I don’t SUPPOSE many of my readers start buying presents for loved ones in October. Then again, you might. Please do correct me if I’m wrong. Anyway, when I visited my local supermarket yesterday there were plenty of chocaholic advent calendars on display, which makes me think that if I start buying the odd present now, December won’t be so painful.
Bring on http://www.suppose.com/
This is a site where you look at their wares and track them. If the item is on Suppose, it’s already likely to be cheaper than anywhere else you might buy it. Register yourself and you’ll be able to track the price of your chosen item, and Suppose will let you know when it reaches the level you’re comfortable with paying.
Suppose asked me to look at blue-eyed Paul Hollywood of The Great British Bake Off fame and one of his books: How to Bake.
The cover price for this particular cookbook is £20.00. When Suppose sent it to me it was £4.00 if you bought it from their site. These prices do tend to go up and down, but given that Christmas isn’t far away, I’d recommend checking out Suppose and its other offers. It could well save you a fortune in the run-up to crazy Crimbo.
Anyway, if you want to get Mr Hollywood’s How to Bake at a steal, have a look at Suppose here: http://suppose.com/howtobake
I was recently enticed all the way across London in heat wave temperatures to hear about London’s food trends and sample a selection of John Quilter’s recipes using Loyd Grossman sauces. As I exited Old Street tube station, dripping with discomfort following a long, airless tube journey, I hoped the evening would prove worthwhile. As I sat, chilled espresso martini in hand, listening to Charles Banks pronounce on London’s food trends, I forgot the make up sliding down my face for a while. Self-lubricating, re-energised thanks to the caffeine in hand, this was my kind of event – educational and not just about stuffing one’s face whilst murmuring an appreciative ‘ah, delicious’.
Charles Banks is co-founder of the agency known as Food People. It consults on food trends, working with clients to build product and strategy appropriate to the current market. These folk know their onions, in a literal sense. Here’s the Food People’s breakdown of what’s hot on the London food scene right now:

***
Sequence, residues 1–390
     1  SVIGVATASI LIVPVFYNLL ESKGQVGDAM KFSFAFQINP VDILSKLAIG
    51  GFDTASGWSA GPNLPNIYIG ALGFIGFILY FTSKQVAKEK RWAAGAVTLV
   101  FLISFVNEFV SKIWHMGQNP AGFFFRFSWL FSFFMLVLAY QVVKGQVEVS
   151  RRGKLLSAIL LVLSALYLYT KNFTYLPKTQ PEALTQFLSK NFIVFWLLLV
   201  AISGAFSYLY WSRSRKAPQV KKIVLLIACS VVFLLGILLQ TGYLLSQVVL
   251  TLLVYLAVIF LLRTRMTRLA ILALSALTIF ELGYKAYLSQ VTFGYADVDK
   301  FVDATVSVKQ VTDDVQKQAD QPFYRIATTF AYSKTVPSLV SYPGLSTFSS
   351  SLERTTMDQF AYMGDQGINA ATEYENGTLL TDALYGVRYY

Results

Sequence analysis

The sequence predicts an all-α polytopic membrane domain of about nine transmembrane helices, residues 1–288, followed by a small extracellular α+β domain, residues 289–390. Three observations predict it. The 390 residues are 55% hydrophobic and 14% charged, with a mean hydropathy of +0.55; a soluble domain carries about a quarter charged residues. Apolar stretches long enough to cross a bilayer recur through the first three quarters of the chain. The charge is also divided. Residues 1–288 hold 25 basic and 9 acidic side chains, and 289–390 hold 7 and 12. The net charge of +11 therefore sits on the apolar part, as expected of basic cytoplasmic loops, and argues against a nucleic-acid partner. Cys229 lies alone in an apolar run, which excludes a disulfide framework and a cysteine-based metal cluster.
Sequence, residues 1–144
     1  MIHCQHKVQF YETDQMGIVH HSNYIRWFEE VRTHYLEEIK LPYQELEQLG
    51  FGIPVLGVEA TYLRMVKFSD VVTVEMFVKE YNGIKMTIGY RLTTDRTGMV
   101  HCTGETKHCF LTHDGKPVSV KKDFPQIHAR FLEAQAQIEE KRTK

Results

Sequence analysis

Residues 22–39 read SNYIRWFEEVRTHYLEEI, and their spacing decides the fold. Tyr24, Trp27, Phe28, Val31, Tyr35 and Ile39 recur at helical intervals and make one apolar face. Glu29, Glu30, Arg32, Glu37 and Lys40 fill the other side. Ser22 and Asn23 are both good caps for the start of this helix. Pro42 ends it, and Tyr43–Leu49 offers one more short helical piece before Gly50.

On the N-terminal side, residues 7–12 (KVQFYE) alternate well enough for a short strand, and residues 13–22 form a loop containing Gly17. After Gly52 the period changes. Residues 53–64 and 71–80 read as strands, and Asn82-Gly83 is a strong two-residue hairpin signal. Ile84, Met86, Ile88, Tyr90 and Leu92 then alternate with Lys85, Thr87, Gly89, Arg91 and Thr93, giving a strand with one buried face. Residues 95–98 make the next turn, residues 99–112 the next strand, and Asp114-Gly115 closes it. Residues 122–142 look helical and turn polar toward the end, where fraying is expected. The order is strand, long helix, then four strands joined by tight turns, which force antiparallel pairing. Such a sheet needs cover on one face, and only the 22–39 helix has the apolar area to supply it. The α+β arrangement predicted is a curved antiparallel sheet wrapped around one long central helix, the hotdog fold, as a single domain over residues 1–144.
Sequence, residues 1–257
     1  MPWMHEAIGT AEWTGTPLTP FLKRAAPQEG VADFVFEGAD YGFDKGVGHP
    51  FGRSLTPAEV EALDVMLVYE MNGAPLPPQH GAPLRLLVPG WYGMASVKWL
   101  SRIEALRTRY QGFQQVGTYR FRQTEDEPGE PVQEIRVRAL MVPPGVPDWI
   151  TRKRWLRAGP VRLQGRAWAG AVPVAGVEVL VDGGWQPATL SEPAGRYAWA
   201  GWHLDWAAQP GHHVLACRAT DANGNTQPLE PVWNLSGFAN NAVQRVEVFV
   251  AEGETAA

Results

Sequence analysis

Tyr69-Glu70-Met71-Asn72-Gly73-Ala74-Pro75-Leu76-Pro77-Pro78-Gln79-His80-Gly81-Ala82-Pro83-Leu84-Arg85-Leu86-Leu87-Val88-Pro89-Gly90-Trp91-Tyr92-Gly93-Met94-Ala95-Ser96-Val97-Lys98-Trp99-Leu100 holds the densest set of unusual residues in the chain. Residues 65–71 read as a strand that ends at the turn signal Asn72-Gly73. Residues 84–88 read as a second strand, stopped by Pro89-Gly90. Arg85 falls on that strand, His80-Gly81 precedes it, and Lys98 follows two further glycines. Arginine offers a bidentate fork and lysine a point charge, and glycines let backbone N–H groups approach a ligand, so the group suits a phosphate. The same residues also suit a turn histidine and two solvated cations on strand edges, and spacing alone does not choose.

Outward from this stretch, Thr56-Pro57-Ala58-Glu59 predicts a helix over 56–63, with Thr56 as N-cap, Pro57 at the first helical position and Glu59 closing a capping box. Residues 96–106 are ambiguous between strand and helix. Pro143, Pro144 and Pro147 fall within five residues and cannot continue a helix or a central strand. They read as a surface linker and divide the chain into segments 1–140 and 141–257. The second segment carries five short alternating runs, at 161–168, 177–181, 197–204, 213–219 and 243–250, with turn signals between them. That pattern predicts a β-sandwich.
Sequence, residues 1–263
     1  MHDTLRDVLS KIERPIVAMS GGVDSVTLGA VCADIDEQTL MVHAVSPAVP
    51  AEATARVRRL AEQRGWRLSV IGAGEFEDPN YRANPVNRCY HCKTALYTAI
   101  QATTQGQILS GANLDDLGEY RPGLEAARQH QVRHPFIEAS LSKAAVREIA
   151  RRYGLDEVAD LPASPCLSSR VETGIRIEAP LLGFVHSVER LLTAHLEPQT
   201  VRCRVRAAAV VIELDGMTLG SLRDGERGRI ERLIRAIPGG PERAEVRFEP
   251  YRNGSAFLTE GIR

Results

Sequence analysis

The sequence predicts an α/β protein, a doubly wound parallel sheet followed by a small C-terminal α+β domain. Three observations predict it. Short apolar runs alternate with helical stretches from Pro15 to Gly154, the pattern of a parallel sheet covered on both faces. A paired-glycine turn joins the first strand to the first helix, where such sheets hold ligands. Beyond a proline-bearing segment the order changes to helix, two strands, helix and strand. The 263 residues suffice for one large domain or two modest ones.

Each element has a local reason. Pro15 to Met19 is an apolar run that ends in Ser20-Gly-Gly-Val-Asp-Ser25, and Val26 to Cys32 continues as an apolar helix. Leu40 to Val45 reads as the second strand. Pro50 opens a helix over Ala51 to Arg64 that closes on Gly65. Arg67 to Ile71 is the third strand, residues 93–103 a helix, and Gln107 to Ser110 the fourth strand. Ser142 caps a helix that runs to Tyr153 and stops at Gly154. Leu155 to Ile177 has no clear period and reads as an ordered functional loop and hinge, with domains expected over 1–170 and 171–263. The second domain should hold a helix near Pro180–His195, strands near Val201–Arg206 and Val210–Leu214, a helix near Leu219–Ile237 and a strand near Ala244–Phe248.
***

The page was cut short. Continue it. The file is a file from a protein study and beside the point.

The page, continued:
- Trends include American and Mediterranean food. Neither are new to London, but both are ramping up their volume a notch. Diner food like burgers and hot dogs has never been so gourmet. Chase them down with bubbly or bourbon cocktail, or think gimlet for an All-American experience. As for nosh from the Med, it’s expanding its perimeter and becoming more aware of seasonality. Recent TV jaunts around the area see chefs waving their whisks amidst the landscapes of the ancients. Given the delights of Mediterranean produce coupled with animated cuisiniers and the landscapes that wanderlust is made of, it’s little wonder that the food of the Med is seeing a revival, an update and a resurgence of popularity.
- Mash ups are essentially the creative merger of two meal concepts with unexpected results. Nacho lasagne uses layers of nacho chips and cheese to replace the usual pasta layer. A ramen burger places the meat pattie between buns made of compressed noodles; and soup with mac ‘n’ cheese sees a dollop of the latter dunked into the former.
- More styles see Small Plate Dining coming to the fore. The idea is to order a lot of small plates to share. The popularity of cicchetti-inspired eateries and Peruvian restaurants with an accent on small quantities with big flavour is where the appeal lies. It’s also far from being a burden on the waistline.
- Dude Food is a style for the carnivore. Think meat, spice and the fire turned way up.
- Everyday Food Done Better is where you take an everyday homemade meal and play around with the ingredients to make it same same but different. Think cheese on toast but replace your classic cheddar with gorgonzola and garnish with fresh pear. Or take fried chicken and add some Korean influence - a touch of sesame, a cup of gochujang – for a different taste entirely.